The students were often comforted by the fact that other people were feeling exactly the same way. Moreover, we often paused during our check-in to see what strategies other students had employed to overcome the challenge. This was enormously helpful because it showed that there are often answers to these challenges and that often, these solutions came from fellow students.
It’s easy to come up with challenges when you have too much to do with competing demands on your time from auditions, performances, school work and personal issues. That’s why we started our check-ins by sharing on successes.
For some students, it was a challenge to come up with a success. Other students found it hard to talk about their successes. And yet, over the course of the semester, as the groups bonded and as the musicians became more comfortable talking about themselves, sharing on successes became easier.
And there were many successes in our groups!
Over the course of the semester, members of the group completed their doctorates, were accepted to graduate programs and prestigious fellowships including the Ensemble ACJW of the Academy, and Yale University’s Presidential Public Service Fellowship, created new collaborations, explored burgeoning opportunities like the Video Game Orchestra, made debuts at Lincoln Center, performed at Carnegie Hall, and laid the groundwork for their freelance careers upon graduation.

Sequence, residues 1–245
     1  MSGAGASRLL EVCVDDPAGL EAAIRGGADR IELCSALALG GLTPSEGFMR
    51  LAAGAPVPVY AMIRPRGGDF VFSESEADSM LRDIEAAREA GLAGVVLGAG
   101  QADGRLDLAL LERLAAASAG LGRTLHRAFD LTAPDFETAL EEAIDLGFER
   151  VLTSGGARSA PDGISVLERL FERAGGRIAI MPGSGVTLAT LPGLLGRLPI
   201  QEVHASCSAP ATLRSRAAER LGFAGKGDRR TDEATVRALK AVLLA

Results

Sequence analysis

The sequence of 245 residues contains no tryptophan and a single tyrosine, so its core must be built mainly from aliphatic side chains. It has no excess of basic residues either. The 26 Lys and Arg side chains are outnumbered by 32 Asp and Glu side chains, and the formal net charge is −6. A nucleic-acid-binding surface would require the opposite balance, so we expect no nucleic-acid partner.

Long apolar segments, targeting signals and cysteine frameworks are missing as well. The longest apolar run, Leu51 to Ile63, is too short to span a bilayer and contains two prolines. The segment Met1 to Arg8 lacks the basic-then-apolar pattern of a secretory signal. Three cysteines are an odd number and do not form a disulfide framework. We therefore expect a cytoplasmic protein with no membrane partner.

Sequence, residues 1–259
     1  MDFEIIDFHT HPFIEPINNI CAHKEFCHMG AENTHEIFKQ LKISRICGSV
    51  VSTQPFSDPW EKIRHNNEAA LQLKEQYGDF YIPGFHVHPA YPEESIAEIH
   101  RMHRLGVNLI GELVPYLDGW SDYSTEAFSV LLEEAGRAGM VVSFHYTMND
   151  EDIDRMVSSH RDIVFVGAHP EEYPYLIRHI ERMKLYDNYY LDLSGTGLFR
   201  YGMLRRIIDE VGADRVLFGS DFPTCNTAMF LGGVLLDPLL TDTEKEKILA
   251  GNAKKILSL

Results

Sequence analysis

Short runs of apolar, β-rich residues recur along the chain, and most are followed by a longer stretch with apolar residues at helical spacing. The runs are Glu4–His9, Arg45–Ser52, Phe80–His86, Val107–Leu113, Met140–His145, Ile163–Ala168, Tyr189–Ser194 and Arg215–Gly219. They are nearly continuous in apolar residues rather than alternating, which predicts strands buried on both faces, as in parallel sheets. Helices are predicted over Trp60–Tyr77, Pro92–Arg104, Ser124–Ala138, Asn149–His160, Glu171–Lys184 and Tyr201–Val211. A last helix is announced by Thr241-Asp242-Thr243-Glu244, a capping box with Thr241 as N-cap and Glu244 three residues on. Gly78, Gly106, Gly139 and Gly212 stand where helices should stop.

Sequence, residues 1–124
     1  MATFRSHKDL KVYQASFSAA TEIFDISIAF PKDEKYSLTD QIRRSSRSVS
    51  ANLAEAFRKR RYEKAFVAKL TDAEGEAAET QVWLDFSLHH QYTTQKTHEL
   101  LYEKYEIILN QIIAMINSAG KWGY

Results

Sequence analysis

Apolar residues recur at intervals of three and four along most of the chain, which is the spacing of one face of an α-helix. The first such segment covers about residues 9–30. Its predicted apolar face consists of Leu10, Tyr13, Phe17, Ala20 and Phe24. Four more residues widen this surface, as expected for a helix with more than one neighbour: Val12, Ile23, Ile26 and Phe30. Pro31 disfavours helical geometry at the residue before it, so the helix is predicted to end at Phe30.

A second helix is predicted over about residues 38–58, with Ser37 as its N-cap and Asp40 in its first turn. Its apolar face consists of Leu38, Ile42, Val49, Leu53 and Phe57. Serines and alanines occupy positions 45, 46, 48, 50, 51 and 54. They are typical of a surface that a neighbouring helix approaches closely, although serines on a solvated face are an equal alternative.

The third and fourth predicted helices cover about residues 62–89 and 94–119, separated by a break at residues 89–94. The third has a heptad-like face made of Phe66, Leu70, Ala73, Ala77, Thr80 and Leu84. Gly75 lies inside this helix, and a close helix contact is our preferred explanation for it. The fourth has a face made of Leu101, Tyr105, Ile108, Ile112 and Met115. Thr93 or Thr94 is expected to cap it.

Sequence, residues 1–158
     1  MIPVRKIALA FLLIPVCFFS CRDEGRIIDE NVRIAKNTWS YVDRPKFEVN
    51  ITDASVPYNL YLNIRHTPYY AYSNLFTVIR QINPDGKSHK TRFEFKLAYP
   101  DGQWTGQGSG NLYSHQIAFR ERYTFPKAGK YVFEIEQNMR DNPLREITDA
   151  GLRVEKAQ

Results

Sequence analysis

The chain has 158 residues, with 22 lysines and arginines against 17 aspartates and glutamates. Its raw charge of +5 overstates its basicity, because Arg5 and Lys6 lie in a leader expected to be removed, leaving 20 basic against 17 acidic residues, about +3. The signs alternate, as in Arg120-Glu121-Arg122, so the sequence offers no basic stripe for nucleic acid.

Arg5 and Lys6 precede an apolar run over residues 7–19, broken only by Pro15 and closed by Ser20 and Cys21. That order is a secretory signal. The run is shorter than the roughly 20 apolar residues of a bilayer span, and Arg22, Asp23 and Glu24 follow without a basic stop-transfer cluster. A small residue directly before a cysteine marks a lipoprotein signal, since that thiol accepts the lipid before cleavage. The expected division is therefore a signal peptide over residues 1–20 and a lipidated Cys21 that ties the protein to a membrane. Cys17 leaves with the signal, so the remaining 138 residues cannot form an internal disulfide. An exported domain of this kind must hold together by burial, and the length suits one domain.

Sharing successes also helped students realize that they were capable of doing a lot more than they thought they could.
Mindset and Personal Development Successes
In addition, our group members developed strategies for becoming more confident and how to adopt the positive mindset that is a critical element of success.
One tool that helped many students to share their successes was “reframing”: the ability to change your perspective and find the success in a challenge. Reframing was very helpful in “moving past what is getting me down.”